American actor and rapper, Common has revealed he suffered molestation as a child.
In a just-released memoir ‘Let Love Have the Last Word: A Memoir, he opens up for the first time about being molested as a child.
In the book, the Chicago rapper whose real name is Lonnie Corant Jaman Shuka Rashid Lynn, disclosed that he was molested at the age of 9 or 10 years. He says the memories began to surface as he and his friend, actress Laura Dern, were prepping for their scenes in the 2018 dramatic film, The Tale.
“I caught my breath and just kept looping the memories over and over, like rewinding an old VHS tape…I said ‘Laura, I think I was abused.’”
Common goes on to share what he now recalls happening to him when he was just 9 or 10 years old while growing up in Chicago. “I was excited for a road trip I was about to take with my family. My mother; my godmother, Barbara; her son and my godbrother Skeet; and his relative, who I’ll call Brandon…”
Arriving at his Aunt’s house in Cleveland, Common says he and Brandon were made to share a bed together one night of the trip.
“At some point, I felt Brandon’s hand on me,” he writes. “I pushed him away. I don’t remember saying a whole lot besides ‘No, no, no.’”
But Common says his abuser would not stop: “He kept saying ‘It’s okay, It’s okay,’ as he pulled down my shorts and molested me. After he stopped he kept asking me to perform it on him. I kept repeating ‘No’ and pushing him away,” the rapper writes. “I felt a deep and sudden shame for what happened.”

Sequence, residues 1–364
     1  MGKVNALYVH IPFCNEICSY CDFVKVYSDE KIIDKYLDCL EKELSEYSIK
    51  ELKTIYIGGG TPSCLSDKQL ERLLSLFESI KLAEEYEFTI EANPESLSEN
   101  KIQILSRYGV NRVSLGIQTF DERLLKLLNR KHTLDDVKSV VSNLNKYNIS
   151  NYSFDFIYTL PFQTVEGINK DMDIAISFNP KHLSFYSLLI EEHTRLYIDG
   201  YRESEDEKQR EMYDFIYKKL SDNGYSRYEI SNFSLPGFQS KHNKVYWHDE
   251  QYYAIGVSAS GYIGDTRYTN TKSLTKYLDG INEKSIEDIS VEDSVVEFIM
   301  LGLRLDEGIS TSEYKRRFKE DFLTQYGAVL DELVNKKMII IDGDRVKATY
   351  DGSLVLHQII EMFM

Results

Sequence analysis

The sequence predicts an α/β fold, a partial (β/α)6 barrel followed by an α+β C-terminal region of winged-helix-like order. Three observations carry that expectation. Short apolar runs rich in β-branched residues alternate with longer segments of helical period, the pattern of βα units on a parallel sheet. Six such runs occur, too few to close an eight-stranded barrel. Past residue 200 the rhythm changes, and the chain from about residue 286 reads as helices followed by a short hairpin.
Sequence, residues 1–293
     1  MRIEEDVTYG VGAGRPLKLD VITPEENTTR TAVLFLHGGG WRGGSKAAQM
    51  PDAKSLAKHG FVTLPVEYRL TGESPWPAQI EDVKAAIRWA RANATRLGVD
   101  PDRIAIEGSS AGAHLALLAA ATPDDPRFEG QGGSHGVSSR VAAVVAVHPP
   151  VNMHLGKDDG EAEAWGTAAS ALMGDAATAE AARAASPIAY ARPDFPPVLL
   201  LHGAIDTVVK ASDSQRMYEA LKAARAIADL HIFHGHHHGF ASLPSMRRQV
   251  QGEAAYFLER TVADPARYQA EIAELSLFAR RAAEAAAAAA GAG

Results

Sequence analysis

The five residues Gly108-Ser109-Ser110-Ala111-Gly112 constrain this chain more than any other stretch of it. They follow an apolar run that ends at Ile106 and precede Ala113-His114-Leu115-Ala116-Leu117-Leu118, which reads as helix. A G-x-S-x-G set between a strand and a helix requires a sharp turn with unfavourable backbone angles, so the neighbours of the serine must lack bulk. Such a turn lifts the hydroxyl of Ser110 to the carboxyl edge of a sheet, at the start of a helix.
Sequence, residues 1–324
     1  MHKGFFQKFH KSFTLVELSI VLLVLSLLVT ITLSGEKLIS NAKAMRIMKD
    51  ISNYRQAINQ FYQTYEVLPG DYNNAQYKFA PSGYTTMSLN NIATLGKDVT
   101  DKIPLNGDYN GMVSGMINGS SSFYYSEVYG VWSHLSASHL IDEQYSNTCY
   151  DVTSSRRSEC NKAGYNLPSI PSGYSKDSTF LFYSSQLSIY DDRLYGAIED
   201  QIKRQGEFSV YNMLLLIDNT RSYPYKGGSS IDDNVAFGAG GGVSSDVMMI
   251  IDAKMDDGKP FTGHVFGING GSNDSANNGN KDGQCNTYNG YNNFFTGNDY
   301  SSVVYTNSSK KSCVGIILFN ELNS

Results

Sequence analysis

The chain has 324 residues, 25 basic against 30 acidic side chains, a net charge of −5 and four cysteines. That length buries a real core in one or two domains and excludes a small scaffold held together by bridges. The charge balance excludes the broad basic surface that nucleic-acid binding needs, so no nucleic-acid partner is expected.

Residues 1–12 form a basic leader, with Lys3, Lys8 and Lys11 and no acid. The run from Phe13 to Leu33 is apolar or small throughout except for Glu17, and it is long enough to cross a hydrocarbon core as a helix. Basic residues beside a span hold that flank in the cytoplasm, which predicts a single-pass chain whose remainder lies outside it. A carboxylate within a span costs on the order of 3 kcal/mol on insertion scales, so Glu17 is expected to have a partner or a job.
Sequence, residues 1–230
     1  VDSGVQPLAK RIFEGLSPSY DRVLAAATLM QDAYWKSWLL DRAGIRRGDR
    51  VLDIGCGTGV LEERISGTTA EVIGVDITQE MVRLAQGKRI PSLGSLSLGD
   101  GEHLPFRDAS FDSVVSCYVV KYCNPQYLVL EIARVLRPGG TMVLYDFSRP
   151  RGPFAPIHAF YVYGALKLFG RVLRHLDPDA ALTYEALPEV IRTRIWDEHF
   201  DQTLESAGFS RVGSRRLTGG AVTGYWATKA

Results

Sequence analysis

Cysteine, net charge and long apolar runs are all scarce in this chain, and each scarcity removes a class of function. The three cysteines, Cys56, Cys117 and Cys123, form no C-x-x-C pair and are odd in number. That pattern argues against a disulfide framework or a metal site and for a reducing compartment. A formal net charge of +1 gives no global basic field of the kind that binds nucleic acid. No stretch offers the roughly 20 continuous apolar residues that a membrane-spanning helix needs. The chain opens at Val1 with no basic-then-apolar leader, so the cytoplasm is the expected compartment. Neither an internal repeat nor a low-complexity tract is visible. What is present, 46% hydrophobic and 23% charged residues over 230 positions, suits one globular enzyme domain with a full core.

To cope, the “Glory” singer believes he “buried” the painful memories. “I just pushed the whole thing out of my head,” he writes. “Maybe it’s a matter of survival—Even now, two years after that flash resurgence of memories, as I’m writing, I’m still working through all of this in myself and with my therapist.”
The star says that he has never spoken about the one-time incident with the accused (who he hasn’t seen in over 25 years) but he has forgiven him, for his and others’ sake. “I want to be a person who helps break cycles of violence,” he writes. “This is love in action and I intend to practice it.”